Would you like to provide input into the development of McIDAS-V?

Occasionally when we’re trying to decide how some piece of McIDAS-V should function, we’ll solicit feedback from the McIDAS-V group by sending out screen shots with the available options or by scheduling short meetings to discuss the options. Also, approximately once per month, we have McIDAS-V Team meetings where the developers demonstrate what they’re working on in McIDAS-V and look for user feedback. If you’d like to be added to this McIDAS-V group, please respond to this e-mail, and we’ll be sure that you’re added to the list.

Remember — this is still an alpha version of McIDAS-V, which means that there may be bugs in the software that we have not yet found or fixed. It also means that the user interface and functionality has not yet been finalized. If you’re interested in providing input into the development of McIDAS-V, there is still time to have your voice heard!

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Honors:

Dave Tobin received the “Young Scientist Award” from the the International Radiation Symposium.

Allen Huang was named as SPIE Fellow for his career contributions.

Jordan Gerth was the 2008 Wisconsin Space Conference undergraduate nominee to represent Wisconsin at the joint NASA Future Forum and Great Midwestern Space Conference in Chicago on October 10th with his poster, “Enhancing Numerical Weather Prediction Initial Conditions with MODIS.”

Wayne F. Feltz, Patrick W. Heck, Anthony J. Wimmers, and Michael J. Pavolonis were part of the NASA Advanced Satellite Aviation-weather Products (ASAP) Project Team which received the 2007 Paul F. Holloway Non-Aerospace Technology Transfer Award.

Dr. Matthew Lazzara recieved his PhD in Atmospheric and Oceanic Sciences – from the AOS department. Title of his thesis: “A diagnostic study of Antarctic fog.”

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Library News

By Jean Phillips

AGU: The Demise of Print

(Eos Trans., AGU, v.89, no.28, p257)

The American Geophysical Union is probably the first important publisher in the earth sciences to decide to stop printing its journals. By 2011, all AGU journals, except EOS, will be online-only products. In 2002, the AGU made the electronic journal the version of record. To address concerns about the longevity of its journals, the AGU:

has taken steps to ensure the continuing availability of its archived online material such as using only nonproprietary software, converting text and graphics to file formats that can be carried forward, endowing a dedicated long-termcare trust fund, and arranging to have redundant copies of its online material on three different tectonic plates. These steps not only protect the archive but also assure that the content of journals can be migrated to new formats as technology changes.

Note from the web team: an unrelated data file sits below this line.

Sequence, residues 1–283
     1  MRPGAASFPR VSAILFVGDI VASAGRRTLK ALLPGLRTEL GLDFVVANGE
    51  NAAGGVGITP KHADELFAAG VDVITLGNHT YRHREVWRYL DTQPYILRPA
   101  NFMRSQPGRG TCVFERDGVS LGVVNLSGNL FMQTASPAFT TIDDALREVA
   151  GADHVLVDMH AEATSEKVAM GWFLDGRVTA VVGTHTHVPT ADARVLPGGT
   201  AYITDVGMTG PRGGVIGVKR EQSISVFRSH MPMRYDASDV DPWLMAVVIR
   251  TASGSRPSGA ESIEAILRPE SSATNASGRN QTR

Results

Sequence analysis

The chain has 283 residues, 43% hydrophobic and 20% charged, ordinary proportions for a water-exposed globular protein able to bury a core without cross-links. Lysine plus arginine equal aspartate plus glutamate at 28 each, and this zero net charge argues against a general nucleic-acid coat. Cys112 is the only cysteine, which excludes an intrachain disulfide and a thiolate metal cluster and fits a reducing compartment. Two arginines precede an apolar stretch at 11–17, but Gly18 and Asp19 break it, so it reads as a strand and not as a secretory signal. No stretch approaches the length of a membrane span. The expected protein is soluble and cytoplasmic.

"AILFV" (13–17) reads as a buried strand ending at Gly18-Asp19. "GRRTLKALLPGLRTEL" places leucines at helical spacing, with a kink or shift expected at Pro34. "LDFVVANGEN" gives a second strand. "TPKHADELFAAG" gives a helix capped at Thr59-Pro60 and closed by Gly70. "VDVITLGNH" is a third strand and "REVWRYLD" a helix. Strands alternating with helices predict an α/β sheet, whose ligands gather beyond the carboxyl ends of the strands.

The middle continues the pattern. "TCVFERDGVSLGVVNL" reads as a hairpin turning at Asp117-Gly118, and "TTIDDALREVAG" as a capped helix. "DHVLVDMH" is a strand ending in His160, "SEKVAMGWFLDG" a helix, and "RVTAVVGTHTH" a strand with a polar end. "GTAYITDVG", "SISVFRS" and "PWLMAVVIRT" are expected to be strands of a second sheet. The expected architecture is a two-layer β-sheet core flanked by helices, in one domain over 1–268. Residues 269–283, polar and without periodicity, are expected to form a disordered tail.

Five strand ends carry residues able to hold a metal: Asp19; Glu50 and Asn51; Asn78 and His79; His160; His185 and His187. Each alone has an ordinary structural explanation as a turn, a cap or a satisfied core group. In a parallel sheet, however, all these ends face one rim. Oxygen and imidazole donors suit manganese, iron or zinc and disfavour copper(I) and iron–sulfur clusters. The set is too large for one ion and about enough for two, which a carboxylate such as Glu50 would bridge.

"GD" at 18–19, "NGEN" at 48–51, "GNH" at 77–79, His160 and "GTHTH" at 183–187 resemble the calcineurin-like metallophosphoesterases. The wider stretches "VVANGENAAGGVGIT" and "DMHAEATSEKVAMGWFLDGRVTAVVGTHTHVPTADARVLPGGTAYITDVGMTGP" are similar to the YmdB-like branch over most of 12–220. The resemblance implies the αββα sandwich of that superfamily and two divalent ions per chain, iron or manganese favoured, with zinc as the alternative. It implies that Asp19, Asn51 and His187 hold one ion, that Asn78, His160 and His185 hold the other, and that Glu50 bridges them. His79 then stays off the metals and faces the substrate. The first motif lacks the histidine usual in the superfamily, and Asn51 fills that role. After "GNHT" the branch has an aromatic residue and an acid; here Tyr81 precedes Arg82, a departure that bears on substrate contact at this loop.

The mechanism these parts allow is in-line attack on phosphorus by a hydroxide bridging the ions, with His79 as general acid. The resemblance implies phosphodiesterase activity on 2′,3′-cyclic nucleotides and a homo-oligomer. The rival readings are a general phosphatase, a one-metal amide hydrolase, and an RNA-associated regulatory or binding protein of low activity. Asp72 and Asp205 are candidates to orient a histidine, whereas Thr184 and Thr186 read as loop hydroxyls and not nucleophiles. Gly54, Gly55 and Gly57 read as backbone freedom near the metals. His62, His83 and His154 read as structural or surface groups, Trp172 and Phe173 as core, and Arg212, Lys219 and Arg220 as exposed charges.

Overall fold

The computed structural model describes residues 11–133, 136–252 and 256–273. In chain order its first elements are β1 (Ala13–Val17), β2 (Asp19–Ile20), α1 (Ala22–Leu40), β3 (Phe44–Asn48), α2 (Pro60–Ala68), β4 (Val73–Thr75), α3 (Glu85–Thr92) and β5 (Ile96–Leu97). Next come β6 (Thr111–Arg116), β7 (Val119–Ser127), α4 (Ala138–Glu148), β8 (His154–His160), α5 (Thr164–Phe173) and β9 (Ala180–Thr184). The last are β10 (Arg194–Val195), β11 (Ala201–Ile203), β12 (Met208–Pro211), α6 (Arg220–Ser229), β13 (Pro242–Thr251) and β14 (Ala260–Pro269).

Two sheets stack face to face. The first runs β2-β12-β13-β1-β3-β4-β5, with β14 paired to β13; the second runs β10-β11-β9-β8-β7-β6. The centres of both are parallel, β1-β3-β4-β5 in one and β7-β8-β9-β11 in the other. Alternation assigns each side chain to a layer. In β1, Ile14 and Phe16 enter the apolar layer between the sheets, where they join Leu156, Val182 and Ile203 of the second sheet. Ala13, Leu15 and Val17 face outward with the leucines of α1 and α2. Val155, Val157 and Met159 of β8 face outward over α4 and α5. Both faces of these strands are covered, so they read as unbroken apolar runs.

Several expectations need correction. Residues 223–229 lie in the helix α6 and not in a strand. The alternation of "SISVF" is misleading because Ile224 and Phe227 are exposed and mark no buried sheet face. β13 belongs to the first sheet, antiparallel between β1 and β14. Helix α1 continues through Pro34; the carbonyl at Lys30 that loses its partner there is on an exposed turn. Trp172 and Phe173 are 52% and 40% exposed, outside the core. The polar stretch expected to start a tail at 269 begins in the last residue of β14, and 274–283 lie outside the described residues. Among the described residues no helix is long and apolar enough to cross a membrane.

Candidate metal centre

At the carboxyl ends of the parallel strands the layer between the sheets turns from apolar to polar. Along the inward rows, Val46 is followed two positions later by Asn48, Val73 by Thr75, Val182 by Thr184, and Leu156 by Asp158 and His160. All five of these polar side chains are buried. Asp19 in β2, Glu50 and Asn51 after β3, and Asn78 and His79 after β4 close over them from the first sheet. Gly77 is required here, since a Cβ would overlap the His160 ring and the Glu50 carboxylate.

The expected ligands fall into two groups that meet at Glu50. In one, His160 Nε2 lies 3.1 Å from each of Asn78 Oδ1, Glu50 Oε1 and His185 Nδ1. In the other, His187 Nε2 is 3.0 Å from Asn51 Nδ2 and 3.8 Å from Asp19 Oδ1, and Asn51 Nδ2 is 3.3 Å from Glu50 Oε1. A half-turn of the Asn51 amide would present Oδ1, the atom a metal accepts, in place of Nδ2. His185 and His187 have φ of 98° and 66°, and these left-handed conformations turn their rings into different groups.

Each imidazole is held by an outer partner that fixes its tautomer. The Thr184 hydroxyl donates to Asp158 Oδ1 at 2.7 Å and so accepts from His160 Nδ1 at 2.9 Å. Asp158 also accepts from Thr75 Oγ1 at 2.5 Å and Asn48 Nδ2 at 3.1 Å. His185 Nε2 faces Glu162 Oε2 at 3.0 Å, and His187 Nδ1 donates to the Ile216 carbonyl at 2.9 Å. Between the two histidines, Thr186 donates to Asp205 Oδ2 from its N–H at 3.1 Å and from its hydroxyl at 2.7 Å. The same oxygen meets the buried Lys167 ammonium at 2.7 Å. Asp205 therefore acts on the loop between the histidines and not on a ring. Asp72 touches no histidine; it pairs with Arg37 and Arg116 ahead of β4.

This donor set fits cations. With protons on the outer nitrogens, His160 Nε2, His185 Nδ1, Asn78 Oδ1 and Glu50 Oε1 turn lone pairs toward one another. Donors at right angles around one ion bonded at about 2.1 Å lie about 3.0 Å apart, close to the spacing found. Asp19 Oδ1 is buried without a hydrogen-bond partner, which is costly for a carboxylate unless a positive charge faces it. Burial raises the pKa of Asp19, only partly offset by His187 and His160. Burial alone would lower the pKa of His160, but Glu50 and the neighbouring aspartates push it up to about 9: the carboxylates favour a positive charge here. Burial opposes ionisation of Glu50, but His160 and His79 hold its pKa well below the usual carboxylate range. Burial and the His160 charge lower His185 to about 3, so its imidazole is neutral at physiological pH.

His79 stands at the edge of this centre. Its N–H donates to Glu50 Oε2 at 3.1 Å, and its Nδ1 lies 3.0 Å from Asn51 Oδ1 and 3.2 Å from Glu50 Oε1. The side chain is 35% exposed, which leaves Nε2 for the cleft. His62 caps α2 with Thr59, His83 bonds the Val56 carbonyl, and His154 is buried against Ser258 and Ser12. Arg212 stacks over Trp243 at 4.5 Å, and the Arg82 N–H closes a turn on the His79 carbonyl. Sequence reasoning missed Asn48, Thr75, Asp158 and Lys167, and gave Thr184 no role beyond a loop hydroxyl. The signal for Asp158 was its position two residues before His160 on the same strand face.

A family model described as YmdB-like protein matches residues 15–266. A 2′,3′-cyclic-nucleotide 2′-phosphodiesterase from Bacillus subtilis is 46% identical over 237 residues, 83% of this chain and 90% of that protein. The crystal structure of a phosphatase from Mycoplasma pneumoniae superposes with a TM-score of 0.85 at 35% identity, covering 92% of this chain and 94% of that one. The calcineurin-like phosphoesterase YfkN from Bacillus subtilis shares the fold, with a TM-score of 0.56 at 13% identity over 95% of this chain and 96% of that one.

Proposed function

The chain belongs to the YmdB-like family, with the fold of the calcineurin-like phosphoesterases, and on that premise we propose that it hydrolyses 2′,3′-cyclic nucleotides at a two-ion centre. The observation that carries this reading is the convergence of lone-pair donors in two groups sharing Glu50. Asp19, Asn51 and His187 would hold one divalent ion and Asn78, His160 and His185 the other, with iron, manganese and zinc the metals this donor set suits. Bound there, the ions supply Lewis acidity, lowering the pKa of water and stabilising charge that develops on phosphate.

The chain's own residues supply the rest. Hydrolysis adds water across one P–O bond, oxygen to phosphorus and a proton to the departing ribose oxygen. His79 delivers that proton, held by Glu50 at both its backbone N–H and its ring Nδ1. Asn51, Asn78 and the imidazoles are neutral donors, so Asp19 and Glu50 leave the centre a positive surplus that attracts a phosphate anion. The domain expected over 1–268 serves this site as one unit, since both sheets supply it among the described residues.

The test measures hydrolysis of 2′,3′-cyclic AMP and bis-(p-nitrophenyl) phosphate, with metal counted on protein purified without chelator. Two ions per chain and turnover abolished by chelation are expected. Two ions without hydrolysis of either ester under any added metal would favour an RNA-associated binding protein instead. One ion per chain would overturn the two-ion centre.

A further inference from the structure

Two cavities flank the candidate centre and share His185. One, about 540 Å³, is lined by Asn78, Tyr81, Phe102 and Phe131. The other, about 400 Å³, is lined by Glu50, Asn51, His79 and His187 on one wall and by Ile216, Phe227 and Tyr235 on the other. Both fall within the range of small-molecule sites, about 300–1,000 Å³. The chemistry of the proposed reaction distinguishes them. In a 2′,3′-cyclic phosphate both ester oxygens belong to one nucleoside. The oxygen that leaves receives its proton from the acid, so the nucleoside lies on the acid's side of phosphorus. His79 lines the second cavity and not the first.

The University of Wisconsin-Madison libraries converted all of its print subscriptions (except EOS) to electronic access only in fall 2007. The libraries now provide electronic access to all of its AGU subscriptions from volume 1 to date.

To recap, the campus subscribes to the following AGU journals:

Journal of Geophysical Research (all series)

Geophysical Research Letters

Reviews of Geophysics

Global Biogeochemical Cycles

Paleoceanography

Water Resources Research

Tectonics

Journals can be accessed from the campus E-Journals list or from the Schwerdtfeger Library Electronic Journals.

How Can Authors Pay for Open Access Charges?

Earlier this year, the University of California at Berkeley launched the Berkeley Research Impact Initiative, a pilot program co-sponsored by the University Librarian and the Vice Chancellor for Research to cover publication charges for open-access journals. Faculty, post-doc and graduate students can apply for up to $3000 to cover the cost of publishing an article in an open-access publication.

At the University of Wisconsin-Madison, the library’s Scholarly Communication and Publishing Committeeis preparing draft guidelines and criteria to include fund guidelines and a funding process to help authors who want to publish in open access journals. That work is expected to be completed over the summer. Currently, the libraries have seed money in a gift fund which has helped some authors defray as much as $1500 of open access publishing costs.

Better Access to Scientific Articles on EU-Funded Research

The European Commission wants to ensure that the results of the research it funds are disseminated as widely and effectively as possible to guarantee maximum exploitation and impact in the world of researchers and beyond. The Commission launched a pilot project that will give unrestricted online access to EU-funded research results, primarily research articles published in peer-reviewed journals, after an embargo period of between 6 and 12 months. The pilot will cover around 20% of the Research Framework Programme’s (FP7) budget in areas such as health, energy, environment, social sciences and information and communication technologies.

To read more about it, see the EU’s recent press release.

The Future of Science: Building a Better Collective Memory